The Views from the ICU exhibit was definitely a big hit (see photos). I got very enthusiastic reviews from many of those who saw it, and the Ortho-Biotech people were very pleased. They are planning on continuing the exhibit for the upcoming meetings and have asked that we now start collecting photos of critical care teams doing bedside care. I will be announcing more about that later.

So all in all, it was a fun trip and I got a lot more than I have in the past from the sessions. The only downside was the phenomenal expense that effectively puts it out of reach for a great many providers who could make good use of the educational experience. If there is any way to fix that, I have no idea how.

I give it three out of five cable car clangs.

Trinity Atomic Bomb site- New Mexico


Trinity Atomic Bomb site- New Mexico

The actual crater cannot now be discriminated from the rest of the desert, and the marked off area is much smaller than I thought it would be. The original crater was said to be only 330 meters in diameter. It wasn’t really an “explosion” in the TNT sense, it was more of a large fireball,the temperature of the sun. Instead of digging into the earth, it melted the earth, sucked it up into the fireball, liquefied it, then allowed gravity to eventually settle and cool it like lava. In the 50s, the radioactive desert glass was bulldozed into a deep pit and buried. Seekers can occasionally find small pieces of molten sand (“Trinitite”) in the sand (see my photos).

The project was named “Trinity” by lead physicist J. Robert Oppenheimer. The explanations for this odd moniker remain obscure. Oppenheimer was a man of many interests, not the least of which was poetry. Some say he named it after a poem by John Donne. “”As West and East / In all flatt Maps-and I am one-are one, / So death doth touch the Resurrection.” Oppenheimer was very interested in Indian writings and was fluent in reading and writing Indian language. My personal conjecture is that he took the name from the Bhagavad Gita (a work he quoted frequently): “If the radiance of a thousand suns were to burst at once into the sky, that would be like the splendor of the mighty one.”

in 1943, the project took on an emergent tone because the Germans were working on it as well. Probably the only reason the Germans didn’t develop a working bomb first is that they threw virtually everyone with a knowledge of physics out of the country. All those folks quickly immigrated to America and took up residence in American universities. The project from A to Z was fraught with doubt and obstacles. Taskmaster Gen. Leslie Groves was brought in to assure the logistics of success. Few actually thought it would work, and more than a few thought there was a possibility such a blast would recruit atmospheric atoms, instantly destroying the earth. A rhyme was penned on the proverbial outhouse wall:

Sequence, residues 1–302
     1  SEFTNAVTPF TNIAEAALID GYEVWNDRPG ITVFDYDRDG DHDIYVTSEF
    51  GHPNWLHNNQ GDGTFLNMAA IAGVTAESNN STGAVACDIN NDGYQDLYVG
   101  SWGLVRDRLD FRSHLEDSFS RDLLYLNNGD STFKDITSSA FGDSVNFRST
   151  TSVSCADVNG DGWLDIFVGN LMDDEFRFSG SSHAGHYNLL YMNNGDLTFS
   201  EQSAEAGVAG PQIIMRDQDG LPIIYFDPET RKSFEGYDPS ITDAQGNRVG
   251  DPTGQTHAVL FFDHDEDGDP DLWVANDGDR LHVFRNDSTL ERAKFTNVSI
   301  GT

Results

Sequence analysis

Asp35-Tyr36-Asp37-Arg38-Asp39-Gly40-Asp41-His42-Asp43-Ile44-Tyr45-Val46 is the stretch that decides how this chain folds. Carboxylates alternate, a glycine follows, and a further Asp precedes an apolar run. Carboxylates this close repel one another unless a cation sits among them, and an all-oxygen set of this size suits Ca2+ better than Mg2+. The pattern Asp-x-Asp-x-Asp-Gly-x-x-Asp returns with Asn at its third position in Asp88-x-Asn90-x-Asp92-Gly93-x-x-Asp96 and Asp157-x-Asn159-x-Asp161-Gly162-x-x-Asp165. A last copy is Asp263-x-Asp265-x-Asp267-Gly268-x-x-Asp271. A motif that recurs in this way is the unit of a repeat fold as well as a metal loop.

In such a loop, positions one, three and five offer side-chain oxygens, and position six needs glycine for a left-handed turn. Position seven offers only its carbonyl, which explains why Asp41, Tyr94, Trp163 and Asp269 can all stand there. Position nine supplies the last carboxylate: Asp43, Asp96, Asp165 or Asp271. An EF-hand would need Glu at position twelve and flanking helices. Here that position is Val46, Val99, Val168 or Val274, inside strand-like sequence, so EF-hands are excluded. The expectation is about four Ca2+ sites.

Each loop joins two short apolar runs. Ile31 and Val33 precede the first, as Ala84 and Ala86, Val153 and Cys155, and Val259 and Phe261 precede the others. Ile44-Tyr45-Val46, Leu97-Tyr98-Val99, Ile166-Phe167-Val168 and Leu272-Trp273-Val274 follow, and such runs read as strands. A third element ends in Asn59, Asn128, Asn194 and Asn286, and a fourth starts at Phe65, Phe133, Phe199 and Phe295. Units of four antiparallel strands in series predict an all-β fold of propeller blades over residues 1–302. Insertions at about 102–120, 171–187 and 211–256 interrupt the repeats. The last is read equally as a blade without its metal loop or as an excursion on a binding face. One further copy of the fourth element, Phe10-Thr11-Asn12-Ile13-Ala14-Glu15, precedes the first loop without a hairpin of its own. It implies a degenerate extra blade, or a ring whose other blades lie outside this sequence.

“From this crude lab that spawned a dud,
their necks to Truman’s axe uncurled,
Lo, the embattled savants stood,
and fired the flop heard round the world.”

Oppenheimer rarely ate or slept during the last phase of the project and weighed 116 pounds at the time of the blast. He is said to have propped himself up on a wooden beam in the last few seconds barely breathing and pale as a sheet.

At 5:29:45 AM on July 16, 1945 the world entered the Atomic Age and was changed forever. Shortly after the blast, Oppenheimer is also said to have again uttered a line from the Bhagavad Gita: “Kalo Asmi Loka-ksaya-krit Pravardho, Lokan Samartum iha Pravattah” translated as “Now I am become Death, the destroyer of worlds.”. He probably didn’t say that then, but he was surely thinking it. His brother recalls his response as immense relief and “it worked!”. The Trinity detonation was equivalent to the explosion of around 20 kilotons of TNT, with a temperature calculated at 14,710 degrees F. The flash was seen as far as 250 miles. It broke windows 120 miles away, was felt as far as 160 miles.

I was one of the first visitors to set foot on the site at 8:15 am on October 3, 2009. It was as desolate as the desert locale name Jornada del Muerto (single day’s journey of the dead man) suggested. As I stood there quietly in the desert breeze, I thought about the enormity of the project, beginning with a vague theoretical possibility and ending with fruition only 28 months later. So much for the current myth that the “government” can’t accomplish anything. I pictured in my mind’s eye not so much what the blast looked like but what it must have been like to wait for the apocalypse that would change the world forever, or an empty click and silence.

Lifelong chain smoker Robert Oppenheimer died of throat cancer in 1967. Groves died of a myocardial infarction in 1970. There are too many books about the subject to recount.